So if phones don’t degrade, the issue then becomes one of recycling. E-waste and its disposal is an issue in itself, but the takeaway is simple – many recyclers will strip phones of their precious metal innards, and the resulting husks will end up in a landfill. Neither of these steps are good for the environment.
A compassionate alternative, other than simply selling your old phone for profit, is to pass the device on to a charity. The likes of Oxfam will accept and upcycle smartphones before then passing them on to people in developing countries who are in need of a device.
Old phones can also be re-used in multiple ways, some of which are fun.
3. Hang on for the long haul
Of course, the most sustainable smartphone possible is the one in your pocket now. Though every passing month might bring a new shiny device to covet from afar, most of our needs in the present can be met by even the most basic devices.
So then there is little logic in riding the upgrade carousel beyond the fleeting fun it offers. With upgrades year on year between smartphones becoming increasingly incremental in nature, and rising annual prices, holding on to your handset for the long-term is fast becoming the most sensible choice.
This is especially true as manufacturers such as Samsung and Nokia are increasingly committing to software updates for years to come, both monthly and annual.
While it may not be the most exciting option, hanging on a bit longer is to the benefit of the environment, and there are plenty of ways to make your old phone seem new.
4. Read beyond the lines
When it comes to sustainable practices, a little knowledge can go a long way. The likes of Samsung will go a long way to paint a very positive image of their handsets, but these will rarely mention anything to do with the environment.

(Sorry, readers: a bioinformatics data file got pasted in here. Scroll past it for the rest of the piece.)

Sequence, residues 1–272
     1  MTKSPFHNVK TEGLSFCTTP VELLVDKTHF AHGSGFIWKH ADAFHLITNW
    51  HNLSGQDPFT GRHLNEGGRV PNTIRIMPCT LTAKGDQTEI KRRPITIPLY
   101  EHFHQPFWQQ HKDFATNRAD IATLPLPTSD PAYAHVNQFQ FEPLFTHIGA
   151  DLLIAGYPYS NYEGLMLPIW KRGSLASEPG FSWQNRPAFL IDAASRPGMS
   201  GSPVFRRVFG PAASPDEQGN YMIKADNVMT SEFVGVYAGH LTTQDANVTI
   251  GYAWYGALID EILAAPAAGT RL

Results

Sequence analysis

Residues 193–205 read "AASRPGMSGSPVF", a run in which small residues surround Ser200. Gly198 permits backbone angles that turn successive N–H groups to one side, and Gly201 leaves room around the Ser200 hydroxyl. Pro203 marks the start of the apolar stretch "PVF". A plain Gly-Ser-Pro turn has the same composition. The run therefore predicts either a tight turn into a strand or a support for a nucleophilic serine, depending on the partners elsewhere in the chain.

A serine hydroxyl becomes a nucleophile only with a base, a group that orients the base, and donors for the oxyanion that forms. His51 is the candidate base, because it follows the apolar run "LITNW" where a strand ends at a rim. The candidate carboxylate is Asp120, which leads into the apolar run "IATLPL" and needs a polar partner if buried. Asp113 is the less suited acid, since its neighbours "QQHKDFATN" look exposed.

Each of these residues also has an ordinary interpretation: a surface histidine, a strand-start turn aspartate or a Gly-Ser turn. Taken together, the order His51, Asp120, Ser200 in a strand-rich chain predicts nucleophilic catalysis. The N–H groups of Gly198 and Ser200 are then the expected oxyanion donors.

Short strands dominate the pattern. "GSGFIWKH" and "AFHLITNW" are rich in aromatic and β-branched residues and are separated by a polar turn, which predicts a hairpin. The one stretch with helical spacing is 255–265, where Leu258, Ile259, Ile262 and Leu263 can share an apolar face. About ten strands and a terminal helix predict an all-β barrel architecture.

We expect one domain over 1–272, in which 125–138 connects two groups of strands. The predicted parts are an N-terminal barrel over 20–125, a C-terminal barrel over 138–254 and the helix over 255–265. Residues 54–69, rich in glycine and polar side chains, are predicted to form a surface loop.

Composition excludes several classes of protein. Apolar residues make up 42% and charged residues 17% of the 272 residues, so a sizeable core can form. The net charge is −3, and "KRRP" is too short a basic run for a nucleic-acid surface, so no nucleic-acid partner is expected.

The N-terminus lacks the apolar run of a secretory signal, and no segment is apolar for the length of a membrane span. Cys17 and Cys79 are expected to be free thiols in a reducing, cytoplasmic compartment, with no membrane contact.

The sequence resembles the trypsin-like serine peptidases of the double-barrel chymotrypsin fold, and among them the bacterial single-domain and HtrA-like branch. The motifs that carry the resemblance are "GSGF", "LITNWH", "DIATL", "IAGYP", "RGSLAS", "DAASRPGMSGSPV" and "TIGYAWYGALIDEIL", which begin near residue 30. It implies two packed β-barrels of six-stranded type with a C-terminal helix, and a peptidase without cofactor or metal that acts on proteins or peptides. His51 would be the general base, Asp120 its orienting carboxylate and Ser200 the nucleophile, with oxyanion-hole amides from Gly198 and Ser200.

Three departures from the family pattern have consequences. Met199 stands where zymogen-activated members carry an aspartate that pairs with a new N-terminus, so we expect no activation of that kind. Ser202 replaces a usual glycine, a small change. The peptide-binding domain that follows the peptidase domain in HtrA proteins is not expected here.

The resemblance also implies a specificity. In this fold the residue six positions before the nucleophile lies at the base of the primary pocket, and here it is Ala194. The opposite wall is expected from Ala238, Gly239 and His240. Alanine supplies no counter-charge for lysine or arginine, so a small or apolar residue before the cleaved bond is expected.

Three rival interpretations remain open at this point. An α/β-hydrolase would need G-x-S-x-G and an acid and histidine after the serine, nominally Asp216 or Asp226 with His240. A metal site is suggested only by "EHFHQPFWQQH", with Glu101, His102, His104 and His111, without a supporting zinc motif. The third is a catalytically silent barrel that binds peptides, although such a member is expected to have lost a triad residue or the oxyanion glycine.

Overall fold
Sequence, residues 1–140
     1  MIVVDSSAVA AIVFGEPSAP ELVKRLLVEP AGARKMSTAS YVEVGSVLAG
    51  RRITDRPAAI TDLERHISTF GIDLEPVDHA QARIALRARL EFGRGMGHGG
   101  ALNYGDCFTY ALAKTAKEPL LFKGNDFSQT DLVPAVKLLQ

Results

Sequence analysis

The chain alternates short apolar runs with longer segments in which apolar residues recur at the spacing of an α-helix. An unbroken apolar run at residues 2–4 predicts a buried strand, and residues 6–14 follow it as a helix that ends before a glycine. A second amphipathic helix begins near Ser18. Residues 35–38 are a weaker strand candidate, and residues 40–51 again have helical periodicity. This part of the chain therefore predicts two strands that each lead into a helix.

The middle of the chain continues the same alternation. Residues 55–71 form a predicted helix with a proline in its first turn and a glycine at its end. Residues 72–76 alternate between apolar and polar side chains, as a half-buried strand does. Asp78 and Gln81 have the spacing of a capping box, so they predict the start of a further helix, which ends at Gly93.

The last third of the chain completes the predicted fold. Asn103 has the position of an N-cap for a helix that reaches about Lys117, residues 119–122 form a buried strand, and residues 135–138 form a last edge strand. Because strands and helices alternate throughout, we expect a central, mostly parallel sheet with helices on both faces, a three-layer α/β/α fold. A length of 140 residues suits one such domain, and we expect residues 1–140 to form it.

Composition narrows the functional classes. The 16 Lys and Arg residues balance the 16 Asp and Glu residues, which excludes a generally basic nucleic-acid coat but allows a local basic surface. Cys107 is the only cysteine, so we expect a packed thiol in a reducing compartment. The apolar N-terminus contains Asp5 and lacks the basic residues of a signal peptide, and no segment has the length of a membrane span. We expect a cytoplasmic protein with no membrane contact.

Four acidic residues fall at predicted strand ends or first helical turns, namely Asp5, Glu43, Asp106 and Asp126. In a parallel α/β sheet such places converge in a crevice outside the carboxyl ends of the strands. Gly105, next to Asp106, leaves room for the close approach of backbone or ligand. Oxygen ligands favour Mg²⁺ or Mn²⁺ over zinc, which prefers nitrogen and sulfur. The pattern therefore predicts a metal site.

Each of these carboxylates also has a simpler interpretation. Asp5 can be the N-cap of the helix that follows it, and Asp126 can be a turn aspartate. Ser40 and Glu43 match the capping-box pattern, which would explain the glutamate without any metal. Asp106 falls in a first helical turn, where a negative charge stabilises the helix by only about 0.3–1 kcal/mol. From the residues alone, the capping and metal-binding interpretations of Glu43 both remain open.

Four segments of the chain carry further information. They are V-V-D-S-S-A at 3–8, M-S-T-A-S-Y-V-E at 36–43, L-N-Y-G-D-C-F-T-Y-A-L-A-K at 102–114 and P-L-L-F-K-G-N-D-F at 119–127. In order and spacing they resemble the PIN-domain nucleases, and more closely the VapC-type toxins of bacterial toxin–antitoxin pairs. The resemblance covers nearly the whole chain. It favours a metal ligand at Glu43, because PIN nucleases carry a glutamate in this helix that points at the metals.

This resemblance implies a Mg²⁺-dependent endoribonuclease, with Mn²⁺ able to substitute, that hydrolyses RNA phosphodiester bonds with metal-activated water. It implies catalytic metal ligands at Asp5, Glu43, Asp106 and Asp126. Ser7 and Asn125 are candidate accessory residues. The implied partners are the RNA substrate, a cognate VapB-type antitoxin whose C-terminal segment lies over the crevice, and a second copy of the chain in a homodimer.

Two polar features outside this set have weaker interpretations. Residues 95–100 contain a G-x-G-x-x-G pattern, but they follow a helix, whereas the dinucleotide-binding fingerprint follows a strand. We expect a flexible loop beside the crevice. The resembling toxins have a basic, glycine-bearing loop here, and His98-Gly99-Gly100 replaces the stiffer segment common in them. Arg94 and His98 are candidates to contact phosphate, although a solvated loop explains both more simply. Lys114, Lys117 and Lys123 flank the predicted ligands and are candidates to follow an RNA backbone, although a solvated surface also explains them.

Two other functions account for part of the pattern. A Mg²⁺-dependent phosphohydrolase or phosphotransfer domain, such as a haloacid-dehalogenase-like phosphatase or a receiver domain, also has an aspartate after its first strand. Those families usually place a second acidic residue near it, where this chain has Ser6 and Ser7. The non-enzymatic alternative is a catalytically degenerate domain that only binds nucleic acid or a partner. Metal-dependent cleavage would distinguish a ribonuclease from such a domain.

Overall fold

With the industry primarily focused on pushing new handsets and driving profits, it is up to the consumer to put in the legwork and find out a little more about the purchases they make.
There are resources out there which can help, with the likes of Greenpeace and Mossy Earth providing interesting and useful resources to help make the most informed decision. Some manufacturers have also begun to cotton on to the positive effect this may have on their image, and to this point both Nokia and Apple are offering more insight into the ecological impact of their work.
Having the right information to hand is half the battle, and the more information you have the better choice you will be able to make.
5. Look for a return on investment
Smartphones are an odd outlier in the market – although they can and often do cost in excess of $1,000 / £1,000 it is still a common assumption of manufacturers and markets that the public will hope to upgrade to something new at least every two years.
This ‘fast fashion’ approach is in direct contrast to the likes of an iPad, a laptop or a car, which are bought as an investment. Despite the vital role they play in our lives, we still like to think of phones as ultimately disposable.
To combat this, the challenge then becomes buying a phone as an investment, something which will be kept for years. Finding a device with extended software support is then the first challenge, followed by deciding what the most important thing for you is, whether that is the camera, display, battery life or otherwise.
With the right mindset, a lot of money can be saved and the environment will only benefit as a result.